“Well, that’s embarrassing.” So began my submission to The New Yorker Cartoon Caption Contest (#665), and it explains how I feel after my entry made it to the finalists’ round but then came in last. Congratulations to the winner, Judy Kramer of Broomfield, Colorado, and the first runner-up, Andrew R. Blanford of Santa Barbara, California.
Now, on to our contest, featuring Bob Eckstein’s drawing of a couple’s counseling session. The therapist is addressing Mr. Potato Head and a woman who is presumably his wife but does not look anything like Mrs. Potato Head.
Some couples go into therapy because they have intimacy issues. Mr. Potato Head is a toy. When I tied those two ideas together I came up with these captions:
- “She’s not just a sex toy.”
- “She’s a woman, not a sex toy.”
- “Have you considered a sex toy?”
- “Every woman has needs, but he’s not that kind of toy.”
Assuming the woman is indeed Mr. Potato Head’s wife, I thought the couple’s problems might stem from her refusal to take his last name:
- “And you don’t want to take his name?”
- “And you want to keep your last name?”
- “Most women nowadays just keep their names.”
- “And how does that make you feel, Mrs.—I’m sorry, Carol.”
Finally, I made a reference to the storage compartment in Mr. Potato Head’s back: “There’s a lot here to unpack.”
Now let’s see how you did.
There were so many potato-related puns (especially about the couple’s “tots”), but the best were a few sex jokes:
- “Any problems in the sack?”
- “So the problem is that she doesn’t give Mr. Potato head?”
- “She says you’ve been acting like a dick tater.”
The second caption would be better if “she doesn’t” were changed to “you don’t,” and a comma after the word “dick” would improve the third caption, but congratulations to whomever submitted what are by far the most vulgar entries I’ve ever highlighted in this feature.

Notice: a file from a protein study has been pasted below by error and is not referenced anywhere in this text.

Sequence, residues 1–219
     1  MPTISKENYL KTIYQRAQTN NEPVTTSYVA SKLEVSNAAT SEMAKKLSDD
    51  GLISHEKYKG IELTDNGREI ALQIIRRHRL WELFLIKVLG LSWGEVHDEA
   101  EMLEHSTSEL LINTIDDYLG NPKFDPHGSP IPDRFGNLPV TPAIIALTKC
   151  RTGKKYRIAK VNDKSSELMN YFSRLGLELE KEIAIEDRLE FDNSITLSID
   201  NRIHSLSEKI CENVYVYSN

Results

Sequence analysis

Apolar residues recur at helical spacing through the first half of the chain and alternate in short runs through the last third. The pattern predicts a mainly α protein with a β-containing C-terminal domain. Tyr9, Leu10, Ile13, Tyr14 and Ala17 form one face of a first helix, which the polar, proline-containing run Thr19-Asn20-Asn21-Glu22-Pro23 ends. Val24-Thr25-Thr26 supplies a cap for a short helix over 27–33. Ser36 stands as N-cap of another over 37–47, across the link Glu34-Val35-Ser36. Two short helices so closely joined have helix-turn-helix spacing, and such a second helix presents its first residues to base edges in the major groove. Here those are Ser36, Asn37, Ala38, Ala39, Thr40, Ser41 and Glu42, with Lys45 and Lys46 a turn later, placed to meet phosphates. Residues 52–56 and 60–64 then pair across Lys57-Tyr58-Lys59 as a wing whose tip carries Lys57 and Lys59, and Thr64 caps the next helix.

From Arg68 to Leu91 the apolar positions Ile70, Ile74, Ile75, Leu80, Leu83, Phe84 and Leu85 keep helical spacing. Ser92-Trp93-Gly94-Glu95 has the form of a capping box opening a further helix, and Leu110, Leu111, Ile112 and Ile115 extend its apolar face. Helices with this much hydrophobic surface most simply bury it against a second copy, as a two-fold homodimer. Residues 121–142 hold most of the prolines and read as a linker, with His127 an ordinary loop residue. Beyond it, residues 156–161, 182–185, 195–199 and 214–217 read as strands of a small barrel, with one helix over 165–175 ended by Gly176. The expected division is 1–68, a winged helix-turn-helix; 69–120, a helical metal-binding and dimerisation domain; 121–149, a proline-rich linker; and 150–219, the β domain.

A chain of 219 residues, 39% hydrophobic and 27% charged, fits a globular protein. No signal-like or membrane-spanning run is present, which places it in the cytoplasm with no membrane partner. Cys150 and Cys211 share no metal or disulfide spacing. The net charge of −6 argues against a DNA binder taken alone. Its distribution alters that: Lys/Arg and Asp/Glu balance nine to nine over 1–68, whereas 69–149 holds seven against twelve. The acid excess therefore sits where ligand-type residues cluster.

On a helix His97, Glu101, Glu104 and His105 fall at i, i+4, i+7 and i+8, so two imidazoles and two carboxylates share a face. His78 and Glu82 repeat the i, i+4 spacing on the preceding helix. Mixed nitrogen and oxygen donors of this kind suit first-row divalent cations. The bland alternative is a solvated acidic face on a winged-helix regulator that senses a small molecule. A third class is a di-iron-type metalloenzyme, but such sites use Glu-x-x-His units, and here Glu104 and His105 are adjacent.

A few submissions were based on the idea that Mr. Potato Head is an actual potato as opposed to a toy:
- “She feels you aren’t tender enough.”
- “You still need to respect him, even if he came from dirt.”
Many captions addressed the toy’s interchangeable parts, and these were among the best:
- “Have you tried putting on a happier face?”
- “He says you’re always trying to change him.”
- “He has to want to change.”
- “How does it make you feel when she threatens to rearrange your face?”
- “How do you feel when she rearranges your face?”
- “Yes, you can change the way he looks, but you can’t change who he is.”
Another two “interchangeable part” captions focus on the ears in a way that cleverly addresses the need to listen to your partner during therapy:
- “Let’s try leaving the ears in when she’s talking to you.”
- “Why do you take your ears out when she wants to talk?”
Like I did, one of you focused on the storage compartment in Mr. Potato Head’s back (“The first step, Loretta, is to stop putting things in his head”), while another one of you assumed the woman was reluctant to take Mr. Potato head’s name (“Julie will return to her maiden name”). I’d like that last caption even more if the words “return to” were replaced with “resume using.”
The next caption surprised me because it presumes that the couple is not in therapy but in a meeting with their son’s principal: “Your son is fine and we’ve fired the school lunch lady.”
Finally, we have two captions that address a common complaint that therapists hear in marriage counseling:
- “Do you resent that the children play with him more?”
- “So you’re upset because the children think he’s the fun one?”
That last caption is terrific and my choice for the best of the week.